The Sierra Club is going to break 120 years of tradition and policy and get all civilly disobedient on the Keystone XL's ass, according to blog posts and press releases from the conservation organization that has long tried to stay out of the get-arrested-for-the-environment fray. A blog post from Sierra Club Executive Director Michael Brune says, "For 120 years, we have remained committed to using every 'lawful means' to achieve our objectives. Now, for the first time in our history, we are prepared to go further."
Citing Martin Luther King, Jr and Walden, Brune writes the day after Obama cited climate change in his inaugural address:
The Sierra Club has refused to stand by. We've worked hard and brought all of our traditional tactics of lobbying, electoral work, litigation, grassroots organizing, and public education to bear on this crisis. And we have had great success -- stopping more than 170 coal plants from being built, securing the retirement of another 129 existing plants, and helping grow a clean energy economy. But time is running out, and there is so much more to do. The stakes are enormous. At this point, we can't afford to lose a single major battle. That's why the Sierra Club's Board of Directors has for the first time endorsed an act of peaceful civil disobedience.
In doing so, we're issuing a challenge to President Obama, who spoke stirringly in his inaugural address about how America must lead the world on the transition to clean energy. Welcome as those words were, we need the president to match them with strong action and use the first 100 days of his second term to begin building a bold and lasting legacy of clean energy and climate stability.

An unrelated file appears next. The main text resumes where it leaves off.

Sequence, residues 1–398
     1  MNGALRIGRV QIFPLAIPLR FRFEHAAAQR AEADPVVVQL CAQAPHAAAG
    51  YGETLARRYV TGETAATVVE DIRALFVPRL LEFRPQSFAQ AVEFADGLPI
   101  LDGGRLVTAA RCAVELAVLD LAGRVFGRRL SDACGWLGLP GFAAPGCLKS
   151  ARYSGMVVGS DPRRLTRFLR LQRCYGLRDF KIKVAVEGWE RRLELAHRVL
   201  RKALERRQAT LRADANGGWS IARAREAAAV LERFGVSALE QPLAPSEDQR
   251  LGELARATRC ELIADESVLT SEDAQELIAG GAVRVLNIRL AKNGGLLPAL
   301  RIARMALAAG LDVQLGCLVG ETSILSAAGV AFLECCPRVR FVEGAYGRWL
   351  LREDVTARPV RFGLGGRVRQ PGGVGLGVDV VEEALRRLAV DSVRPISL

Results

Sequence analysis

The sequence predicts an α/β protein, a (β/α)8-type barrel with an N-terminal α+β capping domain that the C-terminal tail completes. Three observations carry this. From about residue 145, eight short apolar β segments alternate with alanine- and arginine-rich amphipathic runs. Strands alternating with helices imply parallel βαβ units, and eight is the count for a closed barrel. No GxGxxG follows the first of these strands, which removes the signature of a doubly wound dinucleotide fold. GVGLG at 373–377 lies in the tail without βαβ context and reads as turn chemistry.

That means rejecting the dangerous tar sands pipeline that would transport some of the dirtiest oil on the planet, and other reckless fossil fuel projects from Northwest coal exports to Arctic drilling. It means following through on his pledge to double down again on clean energy, and cut carbon pollution from smokestacks across the country. And, perhaps most of all, it means standing up to the fossil fuel corporations that would drive us over the climate cliff without so much as a backward glance.
In an interview last week (see the upcoming Jan. 24 issue for a story), noted economist Jared Bernstein told EW that he doesn't think the Keystone XL will be stopped. "There is going to be a pipeline someday," he said. And said instead of starting from a place where we assume there isn't going to be a pipeline we should "be smart about where it goes."
Is the Sierra Club big enough to be a game changer? Also today, the governor of Nebraska approved the pipeline through his state and sent a letter to that effect to President Obama and Secretary of State Clinton. Who knows, now that the Sierra Club's gone wild.